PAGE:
John Hart Ely, Constitutional law giant, and for nine years an important part of the law school's intellectual community, died this weekend. The New York Times has a full obituary
, which recites his honors and achievements, but it fails to capture the human side of the man I knew.
When he settled here permanently after a one-year visit that was a sort of mutual love-fest, he took up the corner office four doors away from me—so I saw him often. From the start, John made it clear that he had not come to Florida to scuba dive and retire, but to carry on his distinguished career in a congenial setting. And he did. In addition to his writing and teaching, he played an active part in faculty seminars, and often chaired our speaker series.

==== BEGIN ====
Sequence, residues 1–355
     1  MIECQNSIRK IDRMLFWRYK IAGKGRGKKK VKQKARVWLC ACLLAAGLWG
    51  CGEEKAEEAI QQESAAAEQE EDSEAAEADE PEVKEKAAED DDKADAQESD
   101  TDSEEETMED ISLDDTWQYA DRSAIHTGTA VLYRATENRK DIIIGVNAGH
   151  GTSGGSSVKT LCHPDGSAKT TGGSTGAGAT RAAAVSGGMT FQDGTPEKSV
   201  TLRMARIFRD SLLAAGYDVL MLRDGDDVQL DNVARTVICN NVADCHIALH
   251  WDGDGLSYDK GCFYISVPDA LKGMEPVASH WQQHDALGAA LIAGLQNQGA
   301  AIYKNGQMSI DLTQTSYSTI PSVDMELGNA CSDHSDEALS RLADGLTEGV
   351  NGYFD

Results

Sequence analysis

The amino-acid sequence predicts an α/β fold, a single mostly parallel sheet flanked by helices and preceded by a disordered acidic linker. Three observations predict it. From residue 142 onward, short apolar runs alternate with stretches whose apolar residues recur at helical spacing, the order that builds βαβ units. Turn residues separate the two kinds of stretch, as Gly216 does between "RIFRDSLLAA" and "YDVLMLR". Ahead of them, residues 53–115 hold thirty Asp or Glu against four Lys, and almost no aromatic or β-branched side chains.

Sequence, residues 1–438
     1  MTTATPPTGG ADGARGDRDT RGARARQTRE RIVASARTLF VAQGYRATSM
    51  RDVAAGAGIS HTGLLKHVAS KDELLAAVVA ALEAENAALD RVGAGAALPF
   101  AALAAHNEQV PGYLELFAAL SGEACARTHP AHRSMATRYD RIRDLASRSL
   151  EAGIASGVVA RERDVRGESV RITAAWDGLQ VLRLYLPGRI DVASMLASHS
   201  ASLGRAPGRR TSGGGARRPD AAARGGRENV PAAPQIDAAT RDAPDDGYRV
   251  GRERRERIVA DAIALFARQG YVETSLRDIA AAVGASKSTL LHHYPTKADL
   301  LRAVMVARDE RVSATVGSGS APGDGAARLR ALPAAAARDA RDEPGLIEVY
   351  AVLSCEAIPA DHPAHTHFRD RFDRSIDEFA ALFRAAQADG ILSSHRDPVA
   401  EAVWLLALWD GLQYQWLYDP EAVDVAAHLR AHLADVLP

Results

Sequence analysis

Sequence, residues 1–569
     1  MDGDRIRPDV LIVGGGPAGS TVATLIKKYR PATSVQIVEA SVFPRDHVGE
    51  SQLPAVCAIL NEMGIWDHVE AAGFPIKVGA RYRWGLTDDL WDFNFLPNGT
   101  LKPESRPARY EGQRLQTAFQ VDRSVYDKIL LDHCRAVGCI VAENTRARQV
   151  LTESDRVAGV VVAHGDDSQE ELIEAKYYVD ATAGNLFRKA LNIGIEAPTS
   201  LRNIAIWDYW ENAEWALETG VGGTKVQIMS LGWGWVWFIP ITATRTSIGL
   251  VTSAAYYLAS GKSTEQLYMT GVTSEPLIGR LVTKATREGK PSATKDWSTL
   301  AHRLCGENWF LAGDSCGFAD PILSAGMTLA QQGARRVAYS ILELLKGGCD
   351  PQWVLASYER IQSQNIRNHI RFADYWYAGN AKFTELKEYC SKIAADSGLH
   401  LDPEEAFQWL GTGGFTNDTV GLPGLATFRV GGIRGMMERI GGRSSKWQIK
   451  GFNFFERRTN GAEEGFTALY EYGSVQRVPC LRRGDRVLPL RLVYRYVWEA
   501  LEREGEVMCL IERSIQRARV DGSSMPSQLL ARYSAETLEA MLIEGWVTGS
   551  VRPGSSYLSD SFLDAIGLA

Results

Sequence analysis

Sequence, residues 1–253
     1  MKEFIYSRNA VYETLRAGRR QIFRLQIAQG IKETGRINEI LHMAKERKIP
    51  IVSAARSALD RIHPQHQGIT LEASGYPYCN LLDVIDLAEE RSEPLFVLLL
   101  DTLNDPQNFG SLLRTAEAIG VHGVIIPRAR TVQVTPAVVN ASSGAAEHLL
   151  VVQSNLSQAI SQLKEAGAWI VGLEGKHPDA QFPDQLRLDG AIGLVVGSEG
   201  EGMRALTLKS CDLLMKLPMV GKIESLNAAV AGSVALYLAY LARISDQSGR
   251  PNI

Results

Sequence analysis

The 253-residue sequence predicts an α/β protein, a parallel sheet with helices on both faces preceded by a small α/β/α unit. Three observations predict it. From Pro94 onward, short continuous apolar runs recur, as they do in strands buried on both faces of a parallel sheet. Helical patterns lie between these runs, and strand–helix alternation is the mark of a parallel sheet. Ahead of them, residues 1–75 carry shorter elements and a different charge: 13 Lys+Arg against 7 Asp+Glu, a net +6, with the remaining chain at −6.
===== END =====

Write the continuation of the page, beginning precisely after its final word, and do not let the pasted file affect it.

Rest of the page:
It took me a while to learn that interpersonally he was somewhat shy; what seemed at first to be gruffness was a form of uncertainty about people, although not about ideas. He often seemed least uncomfortable with people younger than him, and dispensed advice when pushed, but always self-deprecatingly.
His death was not sudden, but the end of months of fighting a tenacious and visibly losing fight against cancer. Until nearly the end, he came into the office as often as he could manage, and remained unfailingly, painfully, brave in the face of disaster.
He was an evangelical vegetarian, and a big fan of music, especially jazz, and of all things underwater. But mostly, he was a beacon of decency and clear thinking. I'll miss him. We all will.